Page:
American Culture, the Discourse of Species, and Posthumanist Theory
By Cary Wolfe


Copyright © 2003 The University of Chicago
All right reserved.

ISBN: 978-0-226-90514-3

Chapter One

Old Orders for New

Ecology, Animal Rights, and the Poverty of Humanism

Early in The New Ecological Order, French philosopher Luc Ferry characterizes the allure and the danger of ecology in the postmodern moment. What separates it from various other issues in the intellectual and political field, he writes, is that

it can call itself a true "world vision," whereas the decline of political utopias, but also the parcelization of knowledge and the growing "jargonization" of individual scientific disciplines, seemed to forever prohibit any plan for the globalization of thought.... At a time when ethical guide marks are more than ever floating and undetermined, it allows the unhoped-for promise of rootedness to form, an objective rootedness, certain of a new moral ideal.

As we shall see, for Ferry-a staunch liberal humanist in the Kantian if not quite Cartesian tradition-this vision conceals a danger to which contemporary European intellectuals are especially sensitive: not holism, or even moralism exactly, but that far more charged and historically freighted thing, totalitarianism. Ferry's concern is that such "world visions," incarnated in contemporary environmentalism, ecofeminism, and animal rights, threaten "our entire democratic culture," which "since the French Revolution, has been marked, for basic philosophical reasons, by the glorification of uprootedness, or innovation" (xxi). Ferry's thesis-it becomes explicit in his comparison of environmental legislation under the Third Reich with tenets of deep ecology in the book's second section-is that movements like these have come to occupy the space left open by the passing of the political imaginaries of fascism and communism, so that denunciations of liberalism (and its corollary in political praxis, reformism) may now be unmasked for what they are: critiques "in the name of nostalgia, or, on the contrary, in that of hope: either the nostalgia for a lost past, for national identity flouted by the culture of rootlessness, or revolutionary hope in a radiant future, in a classless and free society" (xxvi). To which Ferry responds-literally-"Grow up!" Late in the book, he tells us that we must follow through on "the adult development of the secular and democratic universe" (137) by rejecting totalizing revolutionary visions of the sort purveyed by radical environmentalism and adhering instead to liberal reformism, "the only position consistent with leaving the world of childhood" (138).

Ferry is certainly right to draw our attention to the often uncritical nostalgia and romantic holism of some varieties of environmental thought-problems that have been noted by critics from points on the map very different politically from Ferry's avowed liberal humanism. And it is certainly understandable, given the historical context, that he would join a long list of other European intellectuals in pointing out the manifold dangers to democratic society of totalizing moral schemes-dangers often represented for liberal intellectuals like Ferry by the rise of the Greens in European politics. We do well to remember, too, that for European intellectuals like Ferry, liberalism retains, for understandable historical reasons, a viability and a promise toward which many American intellectuals are skeptical or even jaded. European intellectuals, conditioned by the experience of fascist authoritarianism and the strong but problematic presence historically of the Communist Party in social and intellectual life, may find in liberalism a refreshing and indeed radical democratic openness and dynamism. On the other hand, American intellectuals, conditioned to the absence of any other major political contenders, have long since grown accustomed to liberalism as the name for that "end of ideology" position that, as Fredric Jameson puts it, "can function more effectively after its own death as an ideology, realizing itself in its most traditional form as a commitment to the market system that has become sheer common sense and no longer a political program."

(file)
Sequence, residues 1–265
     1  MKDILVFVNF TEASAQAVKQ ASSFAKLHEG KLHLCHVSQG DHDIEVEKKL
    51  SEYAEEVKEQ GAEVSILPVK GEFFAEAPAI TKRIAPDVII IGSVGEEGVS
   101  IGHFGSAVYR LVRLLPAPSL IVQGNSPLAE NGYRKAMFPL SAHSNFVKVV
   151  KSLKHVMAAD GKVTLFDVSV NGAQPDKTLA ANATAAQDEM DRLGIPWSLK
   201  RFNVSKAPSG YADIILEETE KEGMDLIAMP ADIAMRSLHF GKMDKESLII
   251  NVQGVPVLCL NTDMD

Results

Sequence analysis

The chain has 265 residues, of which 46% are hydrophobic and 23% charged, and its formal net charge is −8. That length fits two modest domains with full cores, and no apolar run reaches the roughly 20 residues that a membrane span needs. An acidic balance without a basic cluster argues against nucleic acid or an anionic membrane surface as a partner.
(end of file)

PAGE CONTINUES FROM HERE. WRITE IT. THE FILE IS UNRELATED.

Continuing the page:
But in defending democratic difference, everything hinges, of course, on precisely how such terms are framed and how difference is articulated-an index of which often may be found in how its imagined opponents are painted. Here, as we shall see, Ferry's text gives us early and ample pause, not least in its impoverished notions of "democracy" and the "human." As for the latter, Ferry wholly disengages the "human" from problems of class power and from the determinative force of both discourse (conceived not merely as rhetoric but also in the stronger Foucauldian sense I have already touched on in the introduction) and psychoanalytic investment. Similarly, Ferry's notion of "democracy" is extraordinarily thin because it is completely uncoupled (despite some gestures to the contrary very late in the book) from the problem of capitalism as liberal democracy's de facto economic embodiment. Given the well-known importance of both class and race in contemporary environmentalism-in debates about "environmental racism," for example, or the disproportionate exposure to toxic waste and environmental degradation borne by the poor, not to mention reminders of how middle class, and how white, the contemporary environmental and animal rights movements are-this is surprising and disabling for one as eager as Ferry is to defend the heritage of "democracy."